Friday, October 30, 2015

Alicia, artist

A few days ago my five year old asked me, "When I grow up, should I be an otter or an artist?" Unfortunately, her options are fewer than she thought. 

But I sure do like her art. I like her comfort with abstract design. It was satisfying to watch her slowly drag the loaded brushes across the paper. I felt her satisfaction in the way the acrylic craft paint made smooth, opaque strokes of color without crumpling the paper.

Though the upper painting is not meant to be representational at all, the shape reminds me of cave paintings of bulls. 

Sunday, June 14, 2015

Beautiful soil

I am awake very early this morning, though I would like to have slept in. I have heard this early time called "the gray dawn." The air through my kitchen window is cool and clean, and I hear birds chirping, fluting, whistling. This spring I have often felt that I would like to gather bird songs into bouquets like wildflowers on long stems.

My husband does not have to go to work today, and I have great expectations for getting things done in the garden--putting up trellises for my cucumbers and pole beans, laying in a long bed for sunflowers (I use a no till method that involves killing grass with a layer of cardboard and covering it with soil, old horse manure, dead leaves, and any other good stuff I can scrounge up.) There's no other way I'd rather spend  a day. I'm happily obsessed. I am like Uzziah, ancient king of Judah, who, the Bible says, "loved the soil."

I grew up in a gardening family. We never bought fruits or vegetables in the grocery store, but grew them and preserved them in the summer, to eat every day all year round. I didn't like garden work as a kid. I certainly didn't love soil. I hated our compost pile. But I did love things the garden grew. I marveled at the unexpectedly beautiful cabbage plants that opened like giant green roses. I was amazed by the incidental, throw-away beauty of starry potato blossoms.  I rejoiced in Sugar Baby watermelons with my brothers and sisters, eating slice after red slice till my stomach stretched tight. I gorged messily on really ripe peaches. The fuzz on their blushing golden skin was a slight irritant to my own skin, but the dryness and roughness accentuated their yielding, drippy sweetness. I thought of our Mackintosh apples as gifts from God. No human could devise such simultaneous crispness and juiciness or the sweet-tart, winey flavor. (I had never tasted wine, but I felt they must taste like wine.)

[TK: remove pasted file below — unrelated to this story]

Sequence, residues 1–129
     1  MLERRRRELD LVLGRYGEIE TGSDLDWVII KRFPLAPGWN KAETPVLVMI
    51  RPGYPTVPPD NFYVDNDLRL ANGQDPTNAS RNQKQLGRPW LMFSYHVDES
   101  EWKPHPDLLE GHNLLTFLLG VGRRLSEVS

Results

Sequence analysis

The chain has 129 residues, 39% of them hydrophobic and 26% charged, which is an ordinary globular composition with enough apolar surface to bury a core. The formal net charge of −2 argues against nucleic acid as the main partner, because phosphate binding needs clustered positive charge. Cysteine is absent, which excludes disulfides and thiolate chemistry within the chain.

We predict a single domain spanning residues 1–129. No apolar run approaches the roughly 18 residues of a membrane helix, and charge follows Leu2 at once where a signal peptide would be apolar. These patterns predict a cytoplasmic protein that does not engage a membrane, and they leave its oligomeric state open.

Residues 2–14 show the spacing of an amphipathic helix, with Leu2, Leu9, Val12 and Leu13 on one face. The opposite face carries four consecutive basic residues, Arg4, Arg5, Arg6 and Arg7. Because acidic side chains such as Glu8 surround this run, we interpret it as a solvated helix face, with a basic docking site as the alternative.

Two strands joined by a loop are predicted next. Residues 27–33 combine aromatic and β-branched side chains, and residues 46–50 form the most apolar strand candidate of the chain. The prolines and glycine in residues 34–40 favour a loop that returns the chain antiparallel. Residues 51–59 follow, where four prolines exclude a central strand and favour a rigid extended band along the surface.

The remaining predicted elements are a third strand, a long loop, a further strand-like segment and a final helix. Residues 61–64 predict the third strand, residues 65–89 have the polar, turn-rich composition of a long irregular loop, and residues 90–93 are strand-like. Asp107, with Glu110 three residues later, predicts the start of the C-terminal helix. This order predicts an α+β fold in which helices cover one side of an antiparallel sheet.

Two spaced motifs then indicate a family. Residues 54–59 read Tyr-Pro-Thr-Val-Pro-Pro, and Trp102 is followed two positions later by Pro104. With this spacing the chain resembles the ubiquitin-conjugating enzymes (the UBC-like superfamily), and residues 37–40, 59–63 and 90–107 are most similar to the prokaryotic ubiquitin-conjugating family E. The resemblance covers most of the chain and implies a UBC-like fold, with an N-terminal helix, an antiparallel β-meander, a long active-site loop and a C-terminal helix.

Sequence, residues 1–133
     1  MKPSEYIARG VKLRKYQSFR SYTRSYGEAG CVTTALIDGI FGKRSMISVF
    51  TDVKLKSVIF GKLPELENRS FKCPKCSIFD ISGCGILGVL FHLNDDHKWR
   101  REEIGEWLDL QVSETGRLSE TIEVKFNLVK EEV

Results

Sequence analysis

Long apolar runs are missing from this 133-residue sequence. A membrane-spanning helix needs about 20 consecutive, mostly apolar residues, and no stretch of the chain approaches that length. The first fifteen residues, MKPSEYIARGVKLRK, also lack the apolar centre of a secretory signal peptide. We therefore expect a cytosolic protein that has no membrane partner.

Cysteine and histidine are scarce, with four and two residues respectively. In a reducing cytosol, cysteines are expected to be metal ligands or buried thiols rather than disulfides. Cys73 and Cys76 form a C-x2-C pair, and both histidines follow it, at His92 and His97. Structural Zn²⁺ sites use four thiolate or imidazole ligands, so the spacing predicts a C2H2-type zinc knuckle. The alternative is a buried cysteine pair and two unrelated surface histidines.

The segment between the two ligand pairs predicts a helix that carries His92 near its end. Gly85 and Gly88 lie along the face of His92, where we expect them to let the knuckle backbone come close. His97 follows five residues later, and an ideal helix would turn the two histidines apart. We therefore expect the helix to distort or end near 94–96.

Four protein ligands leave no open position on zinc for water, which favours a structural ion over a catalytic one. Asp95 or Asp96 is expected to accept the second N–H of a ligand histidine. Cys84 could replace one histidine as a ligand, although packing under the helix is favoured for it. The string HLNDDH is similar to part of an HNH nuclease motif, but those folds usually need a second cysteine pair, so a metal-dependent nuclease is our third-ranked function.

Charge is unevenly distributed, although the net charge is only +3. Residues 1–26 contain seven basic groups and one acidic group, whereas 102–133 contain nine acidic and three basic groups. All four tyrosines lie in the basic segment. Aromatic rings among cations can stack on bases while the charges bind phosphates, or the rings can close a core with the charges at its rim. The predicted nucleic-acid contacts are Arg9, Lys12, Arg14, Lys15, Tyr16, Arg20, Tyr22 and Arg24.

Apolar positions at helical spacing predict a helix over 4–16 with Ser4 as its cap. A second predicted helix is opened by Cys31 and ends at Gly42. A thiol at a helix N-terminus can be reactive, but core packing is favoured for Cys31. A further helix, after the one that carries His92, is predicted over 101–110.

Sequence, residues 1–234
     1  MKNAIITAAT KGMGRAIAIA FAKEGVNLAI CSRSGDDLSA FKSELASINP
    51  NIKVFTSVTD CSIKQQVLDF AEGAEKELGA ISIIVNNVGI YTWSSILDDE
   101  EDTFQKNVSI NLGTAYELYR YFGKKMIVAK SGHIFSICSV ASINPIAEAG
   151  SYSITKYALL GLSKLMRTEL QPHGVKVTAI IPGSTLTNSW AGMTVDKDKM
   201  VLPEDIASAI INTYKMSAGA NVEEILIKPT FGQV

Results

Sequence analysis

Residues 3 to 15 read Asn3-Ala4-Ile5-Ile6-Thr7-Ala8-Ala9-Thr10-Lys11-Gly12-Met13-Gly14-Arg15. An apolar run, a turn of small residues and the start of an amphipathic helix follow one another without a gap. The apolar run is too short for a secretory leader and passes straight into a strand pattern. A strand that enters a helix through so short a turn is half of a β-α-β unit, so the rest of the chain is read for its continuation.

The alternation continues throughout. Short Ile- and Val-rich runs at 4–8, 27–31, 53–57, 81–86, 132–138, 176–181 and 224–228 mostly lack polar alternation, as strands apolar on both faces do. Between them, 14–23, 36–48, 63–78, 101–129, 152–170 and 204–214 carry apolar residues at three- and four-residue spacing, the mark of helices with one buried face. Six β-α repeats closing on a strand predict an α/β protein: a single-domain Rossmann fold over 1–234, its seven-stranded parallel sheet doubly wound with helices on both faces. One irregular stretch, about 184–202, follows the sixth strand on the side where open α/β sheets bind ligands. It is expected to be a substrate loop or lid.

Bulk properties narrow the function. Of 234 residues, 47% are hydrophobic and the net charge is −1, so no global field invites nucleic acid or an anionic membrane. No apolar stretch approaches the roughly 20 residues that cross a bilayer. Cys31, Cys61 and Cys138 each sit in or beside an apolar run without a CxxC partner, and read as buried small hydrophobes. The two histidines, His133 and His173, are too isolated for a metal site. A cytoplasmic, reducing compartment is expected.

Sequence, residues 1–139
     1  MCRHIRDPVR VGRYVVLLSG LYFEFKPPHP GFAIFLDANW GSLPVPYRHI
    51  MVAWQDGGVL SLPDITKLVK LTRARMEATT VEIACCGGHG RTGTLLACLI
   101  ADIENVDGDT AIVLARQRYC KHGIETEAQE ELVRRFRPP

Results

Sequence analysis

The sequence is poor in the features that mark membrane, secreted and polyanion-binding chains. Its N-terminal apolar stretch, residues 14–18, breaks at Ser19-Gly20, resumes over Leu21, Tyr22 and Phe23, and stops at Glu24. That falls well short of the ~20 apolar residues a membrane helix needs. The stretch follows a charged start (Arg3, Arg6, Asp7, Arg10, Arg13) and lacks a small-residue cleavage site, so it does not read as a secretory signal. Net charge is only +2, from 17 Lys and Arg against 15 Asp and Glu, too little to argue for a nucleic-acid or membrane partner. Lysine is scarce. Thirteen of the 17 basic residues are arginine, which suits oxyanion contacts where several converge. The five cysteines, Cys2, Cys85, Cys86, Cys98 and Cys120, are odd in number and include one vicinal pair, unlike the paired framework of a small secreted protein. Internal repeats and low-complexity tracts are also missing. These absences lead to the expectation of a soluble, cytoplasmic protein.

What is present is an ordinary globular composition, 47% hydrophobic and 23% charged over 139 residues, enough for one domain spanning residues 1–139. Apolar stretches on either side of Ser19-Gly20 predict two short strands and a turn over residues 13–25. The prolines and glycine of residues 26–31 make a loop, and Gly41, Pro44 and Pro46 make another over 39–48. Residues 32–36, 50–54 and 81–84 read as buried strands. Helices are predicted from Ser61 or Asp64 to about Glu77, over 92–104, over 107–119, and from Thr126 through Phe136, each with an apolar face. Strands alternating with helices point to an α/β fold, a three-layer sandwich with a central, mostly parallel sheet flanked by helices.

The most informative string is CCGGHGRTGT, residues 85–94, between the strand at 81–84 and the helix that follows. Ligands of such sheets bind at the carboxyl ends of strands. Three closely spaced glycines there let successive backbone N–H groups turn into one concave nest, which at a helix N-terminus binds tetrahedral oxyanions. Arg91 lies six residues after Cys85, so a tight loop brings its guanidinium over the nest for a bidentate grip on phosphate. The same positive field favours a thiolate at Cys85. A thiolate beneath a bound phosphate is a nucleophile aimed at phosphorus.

Now, with a garden of my (and children of my own to feed), I love all kinds of garden work and I love soil at least as much as what I can grow in it. I love its damp smell and the first moist then dusty feeling of it on my hands and under my feet. I love to push seeds into it, especially when it is fluffy, moist and dark like a good chocolate cake, and press it gently down on top of them. I passionately love manure (really) and the wholesome decay of compost. I love earthworms and their tunnels and the helpful bacteria and all the other underground creatures whose names I don't know. I love my new friend mycelium, the magical underground network of fungus that moves nutrients from plant to plant. We live in a beautiful, intricately designed world, and right now the underground commerce of a healthy soil seems as beautiful to me as the wheeling stars.
UPDATE: Writing this was hard. I had to think determinedly to find words, My experience of soil is more direct and wordless than most anything else in my life. This post has been about a week and half, maybe more, in the making. My husband's day off (in the first paragraph) was quite productive. We hauled in lots of manure, made some new beds and finished off some we had already started. The sunflowers are up now.

Here are a few pictures of my garden.

Baby beets and parsley.

 A jungle of snap peas and tomatoes.